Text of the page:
'One of the main things from my journey to date are the relationships you build along the way. From people you meet working overseas, to peers you meet on education courses. Everybody has their own story & opportunities, for me it’s one of the best parts of a career in football'...
Photo Credit: Dubai City FC
Name, age, where are you based?
Sam White, 30 years old, Dubai, UAE
Current and past Roles?
Youth Development Phase & International Program Lead (1st Team Assistant Head Coach) – Dubai City Football Club
Youth Development Phase Lead Coach – AFC Bournemouth
Variety of Roles over 12-year span (both full & part time) – Southampton FC
Head Coach of Men’s Football – University of Southampton
Director of Coaching – Challenger Sports (Sacramento, CA)
Highest Coaching Award: UEFA A License.
I would also like to drop a personal message into that. Whilst completing the award, Jon Gittens was my support tutor. An incredible coach, developer & gentleman, who provided an incredible level of support and detail through that process, also a great golfer! Jon went above and beyond his support role, eventually connecting me with my role at AFC Bournemouth via a mutual contact and some good words.
Sadly, Jon passed away in May of 2019, and although I had passed my award some time before that, I never got to thank him properly for the role he played in my journey. A great man who I will always owe a round a golf to! Thanks for everything Jon!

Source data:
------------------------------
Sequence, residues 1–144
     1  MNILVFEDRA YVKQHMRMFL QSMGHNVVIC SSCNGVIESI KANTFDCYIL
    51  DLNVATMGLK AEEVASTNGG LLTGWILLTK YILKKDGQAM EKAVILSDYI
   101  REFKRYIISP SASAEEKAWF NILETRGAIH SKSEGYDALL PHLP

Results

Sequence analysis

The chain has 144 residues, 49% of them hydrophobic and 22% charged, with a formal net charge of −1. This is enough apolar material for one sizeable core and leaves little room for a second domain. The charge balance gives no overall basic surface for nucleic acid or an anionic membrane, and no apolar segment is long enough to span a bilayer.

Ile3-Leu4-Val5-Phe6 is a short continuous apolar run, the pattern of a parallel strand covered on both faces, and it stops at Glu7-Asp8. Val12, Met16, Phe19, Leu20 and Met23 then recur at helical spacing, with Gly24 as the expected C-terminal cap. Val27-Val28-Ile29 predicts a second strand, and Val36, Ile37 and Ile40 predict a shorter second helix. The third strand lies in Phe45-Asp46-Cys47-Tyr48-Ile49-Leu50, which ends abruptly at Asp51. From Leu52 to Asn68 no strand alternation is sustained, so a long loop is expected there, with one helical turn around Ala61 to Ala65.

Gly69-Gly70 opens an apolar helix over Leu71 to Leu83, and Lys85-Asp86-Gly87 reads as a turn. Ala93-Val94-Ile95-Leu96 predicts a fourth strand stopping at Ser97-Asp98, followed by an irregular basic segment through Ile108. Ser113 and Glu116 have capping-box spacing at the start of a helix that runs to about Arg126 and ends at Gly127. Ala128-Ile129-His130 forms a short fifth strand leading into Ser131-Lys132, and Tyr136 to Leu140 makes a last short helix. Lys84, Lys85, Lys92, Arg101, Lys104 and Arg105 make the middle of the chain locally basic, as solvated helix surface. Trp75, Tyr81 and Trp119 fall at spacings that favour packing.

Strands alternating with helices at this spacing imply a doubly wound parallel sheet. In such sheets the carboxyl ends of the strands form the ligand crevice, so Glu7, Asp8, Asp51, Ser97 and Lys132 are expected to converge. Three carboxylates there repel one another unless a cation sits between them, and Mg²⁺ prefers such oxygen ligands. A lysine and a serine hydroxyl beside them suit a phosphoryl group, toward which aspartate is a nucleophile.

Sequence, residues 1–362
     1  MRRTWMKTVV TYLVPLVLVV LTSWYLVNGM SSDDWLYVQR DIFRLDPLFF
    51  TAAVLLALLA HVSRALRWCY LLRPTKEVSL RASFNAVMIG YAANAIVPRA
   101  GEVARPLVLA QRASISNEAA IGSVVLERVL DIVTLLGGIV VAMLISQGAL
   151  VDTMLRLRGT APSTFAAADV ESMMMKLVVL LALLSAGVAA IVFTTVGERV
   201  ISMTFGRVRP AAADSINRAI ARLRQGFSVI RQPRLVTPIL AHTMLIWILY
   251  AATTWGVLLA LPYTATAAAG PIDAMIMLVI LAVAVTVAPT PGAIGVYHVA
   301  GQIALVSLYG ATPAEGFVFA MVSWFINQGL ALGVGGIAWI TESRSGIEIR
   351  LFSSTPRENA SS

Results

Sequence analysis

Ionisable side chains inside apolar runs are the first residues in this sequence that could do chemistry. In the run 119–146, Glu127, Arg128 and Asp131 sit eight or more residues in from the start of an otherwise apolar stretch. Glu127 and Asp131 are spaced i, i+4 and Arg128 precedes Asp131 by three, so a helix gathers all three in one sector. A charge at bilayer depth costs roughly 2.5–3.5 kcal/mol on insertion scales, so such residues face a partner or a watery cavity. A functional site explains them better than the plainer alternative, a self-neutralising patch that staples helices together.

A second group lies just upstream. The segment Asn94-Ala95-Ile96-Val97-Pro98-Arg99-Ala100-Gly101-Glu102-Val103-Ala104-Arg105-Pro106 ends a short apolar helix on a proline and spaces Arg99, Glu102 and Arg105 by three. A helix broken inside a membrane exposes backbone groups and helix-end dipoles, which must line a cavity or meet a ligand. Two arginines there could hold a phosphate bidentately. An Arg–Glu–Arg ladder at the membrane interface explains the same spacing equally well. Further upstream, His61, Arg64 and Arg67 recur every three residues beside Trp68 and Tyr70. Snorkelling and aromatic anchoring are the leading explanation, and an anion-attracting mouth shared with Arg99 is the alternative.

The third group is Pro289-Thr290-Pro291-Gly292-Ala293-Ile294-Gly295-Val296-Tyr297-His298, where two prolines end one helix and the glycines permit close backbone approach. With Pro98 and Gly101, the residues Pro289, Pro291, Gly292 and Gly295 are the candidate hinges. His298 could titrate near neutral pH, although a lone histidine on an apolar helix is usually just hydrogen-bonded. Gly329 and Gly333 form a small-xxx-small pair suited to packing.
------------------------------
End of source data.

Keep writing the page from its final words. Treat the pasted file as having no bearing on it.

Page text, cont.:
How did you get into coaching and what has your path been like?
I guess like a lot of others, when the realisation of a playing career is an unlikely achievement, you look for the next best option. For me at the time, that was coaching. My pathway has been amazing, the people I have worked with and the time spent at Southampton (whether community or elite roles) really shaped me. I have been lucky enough to work under some incredible coaches and around one of the most forward-thinking & productive clubs in the world.
One of the main things from my journey to date are the relationships you build along the way. From people you meet working overseas, to peers you meet on education courses. Everybody has their own story & opportunities, for me it’s one of the best parts of a career in football.
Any Major achievements or anything you would like to highlight?